Whats in a voice?
With the release of my latest Orc sound pack, I thought I’d get into a little (or maybe a lot) about the key processes behind designing a voice.
There are some powerful tools on the market today. Full package voice changing software like 'Voxpat 2' and 'Dehumaniser' are renowned for their ability to make powerful and extreme changes. Yet while such massive differences from the initial recordings to the end product is certainly fascinating to hear, I find myself having little need for such radical software, instead drawing smaller elements from a variety of plugins based on what they do best... or even worst...
Welcome to the world of Voice design.
As with nearly everything in the world of sound, the first part of your chain is almost always the most important. And in this case that’s the voice. You may be surprised at how much, or more precisely how little digital voice processing goes into the game voices and the vocal libraries I've made...
Let’s jump in...
For my latest Orc release, the idea was for the sound not to be a generic humanoid “beast” sound, but distinctly Orcish. Save for cleanup and EQ, Only one plugin was needed for each vocal. Sometimes "SoundToys Little Alter Boy" with it’s clean clear pitch shifting made an appearance, but for a little extra spice "Antares Mutator" was overwhelmingly the winner. Using some downward pitch shifting, the extra spice was added with small tweaks to the throat width and length options the plugin has to get it sounding just right.
The rest was up to my ability to express an Orc.
If it’s fixed, break it!
People often ask me if I used some sort of vocoder to make the Bleep library. No I didn't use a vocoder. In fact I didn't even shift the pitch. All I did was change the formant. With a bit of a twist...
"WAVES Ultrapitch" as an older plugin, doesn’t have quite the speed modern pitch plugins have to adjust the pitch or formant. As such sudden or quick changes of the pitch in the source material with the plugins slower processing can result in some strange robotic artifacts. With all the heavy purry warbles I did with my voice, the plugin had a difficult time with the shifts resulting in some beautiful “mistakes” that modern plugins more easily avoid. It's voice mode option allows you to choose the speed at which it makes changes. This gives you greater control to introduce robotic effects as a result of slower shifts.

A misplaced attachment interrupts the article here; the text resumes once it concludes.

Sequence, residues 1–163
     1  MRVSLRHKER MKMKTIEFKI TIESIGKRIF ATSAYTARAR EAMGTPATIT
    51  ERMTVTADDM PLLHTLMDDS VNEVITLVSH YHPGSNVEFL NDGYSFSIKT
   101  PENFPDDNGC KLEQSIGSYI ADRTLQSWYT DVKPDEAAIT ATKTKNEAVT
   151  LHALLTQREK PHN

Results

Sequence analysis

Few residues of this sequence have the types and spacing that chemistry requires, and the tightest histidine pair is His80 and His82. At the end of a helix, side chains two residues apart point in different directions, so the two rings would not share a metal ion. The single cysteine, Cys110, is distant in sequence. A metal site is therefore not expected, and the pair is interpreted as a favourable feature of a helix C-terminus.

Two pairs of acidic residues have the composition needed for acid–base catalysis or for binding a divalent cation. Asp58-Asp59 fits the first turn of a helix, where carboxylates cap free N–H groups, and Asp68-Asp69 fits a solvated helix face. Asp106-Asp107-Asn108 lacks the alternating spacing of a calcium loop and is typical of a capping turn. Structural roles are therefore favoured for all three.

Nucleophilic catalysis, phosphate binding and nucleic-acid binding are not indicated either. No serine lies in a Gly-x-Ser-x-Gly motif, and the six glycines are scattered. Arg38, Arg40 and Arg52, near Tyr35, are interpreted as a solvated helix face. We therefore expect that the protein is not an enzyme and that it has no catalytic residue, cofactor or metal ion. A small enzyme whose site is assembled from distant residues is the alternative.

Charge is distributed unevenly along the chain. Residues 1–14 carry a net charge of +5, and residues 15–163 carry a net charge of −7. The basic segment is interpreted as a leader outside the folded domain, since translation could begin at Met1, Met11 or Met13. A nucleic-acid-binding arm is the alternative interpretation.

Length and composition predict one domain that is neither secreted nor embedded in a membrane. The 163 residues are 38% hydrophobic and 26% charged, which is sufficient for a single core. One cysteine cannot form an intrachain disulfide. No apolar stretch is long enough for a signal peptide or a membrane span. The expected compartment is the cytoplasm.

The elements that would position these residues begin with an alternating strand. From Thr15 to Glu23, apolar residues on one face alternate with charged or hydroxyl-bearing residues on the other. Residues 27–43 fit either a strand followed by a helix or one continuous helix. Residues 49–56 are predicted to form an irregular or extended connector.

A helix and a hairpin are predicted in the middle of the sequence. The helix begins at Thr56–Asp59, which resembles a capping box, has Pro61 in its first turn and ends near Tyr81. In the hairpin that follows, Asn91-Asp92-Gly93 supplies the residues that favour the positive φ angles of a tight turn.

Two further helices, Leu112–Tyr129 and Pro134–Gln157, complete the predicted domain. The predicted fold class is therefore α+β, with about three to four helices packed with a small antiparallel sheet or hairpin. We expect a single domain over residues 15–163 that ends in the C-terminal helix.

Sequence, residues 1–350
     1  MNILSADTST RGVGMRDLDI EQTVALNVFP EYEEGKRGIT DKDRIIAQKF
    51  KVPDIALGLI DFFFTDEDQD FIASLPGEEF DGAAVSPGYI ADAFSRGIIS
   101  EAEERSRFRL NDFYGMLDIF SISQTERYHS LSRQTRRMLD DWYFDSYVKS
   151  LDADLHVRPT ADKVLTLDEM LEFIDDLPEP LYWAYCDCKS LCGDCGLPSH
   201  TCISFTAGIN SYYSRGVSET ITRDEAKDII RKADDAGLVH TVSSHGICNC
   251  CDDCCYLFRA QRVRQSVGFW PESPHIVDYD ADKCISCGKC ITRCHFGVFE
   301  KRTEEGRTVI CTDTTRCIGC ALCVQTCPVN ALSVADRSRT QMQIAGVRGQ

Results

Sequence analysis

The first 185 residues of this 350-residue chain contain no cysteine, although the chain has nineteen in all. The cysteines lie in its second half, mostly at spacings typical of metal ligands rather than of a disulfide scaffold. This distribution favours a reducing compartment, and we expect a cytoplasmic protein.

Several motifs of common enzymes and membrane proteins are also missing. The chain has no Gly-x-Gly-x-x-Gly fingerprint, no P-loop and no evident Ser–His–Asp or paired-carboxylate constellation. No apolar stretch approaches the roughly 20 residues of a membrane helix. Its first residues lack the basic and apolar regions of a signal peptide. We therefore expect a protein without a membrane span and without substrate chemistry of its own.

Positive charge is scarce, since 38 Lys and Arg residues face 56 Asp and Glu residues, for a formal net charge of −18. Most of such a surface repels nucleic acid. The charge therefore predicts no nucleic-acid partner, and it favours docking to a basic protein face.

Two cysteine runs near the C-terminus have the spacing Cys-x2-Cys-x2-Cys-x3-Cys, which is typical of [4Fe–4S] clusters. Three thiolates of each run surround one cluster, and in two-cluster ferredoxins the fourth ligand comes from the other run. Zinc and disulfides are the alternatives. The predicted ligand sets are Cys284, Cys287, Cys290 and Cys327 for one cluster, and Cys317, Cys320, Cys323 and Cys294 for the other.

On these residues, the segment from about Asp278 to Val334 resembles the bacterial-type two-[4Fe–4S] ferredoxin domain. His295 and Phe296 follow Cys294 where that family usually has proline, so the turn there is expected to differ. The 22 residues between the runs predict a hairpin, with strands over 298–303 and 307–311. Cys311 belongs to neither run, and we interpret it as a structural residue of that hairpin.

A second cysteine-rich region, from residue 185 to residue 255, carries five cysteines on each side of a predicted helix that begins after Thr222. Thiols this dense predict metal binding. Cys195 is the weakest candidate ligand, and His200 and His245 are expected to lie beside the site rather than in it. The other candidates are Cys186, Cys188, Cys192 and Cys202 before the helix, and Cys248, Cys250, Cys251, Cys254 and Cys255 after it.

Mini Ninjas - Square Enix
When I worked on The Mini Ninjas franchise, the only real processing done for the small enemy ninjas was resampling the voices by varying degrees to be faster. That’s it. It really came down to the voice actors abilities to make zany style sounds.
Intel Warrior Wave.
If it’s not broken, don’t fix it...
This was a lemmings style where you had to save Roman as many little Roman hoplite characters as you could using your hands as the controller through motion sensors. To add to the difficulty they included Good guy Hopites and Bad Guy Hoplites that if they came into contact with each other, so I had to do similar voices but in good style and evil style.
It ended up being a matter of fine tuning the performance while recording rather than using any processing at all.
We opted for a kind of simpleton funny voice for the good guys, and the same sound with a angry rough edge for the bad guys.
Romans from Mars
And I use Romans from Mars as the final example because it contained a little bit of everything. A touch of re sampling, a little pitch and formant changing, and of course a lot of expression.
With that said...
To maximize your voice designing abilities you really need to know all the nuances, quirks, strengths, and even weaknesses of your plugins. But the foundation of all voice design will come from the emotion, expression, and character that is imbued just before it hits your microphone...
“So how do you create the character behind the mic?” you may be asking.
That my friends is another story, I'll save for another time...
© 2018 Yarron Katz - Sonic Worlds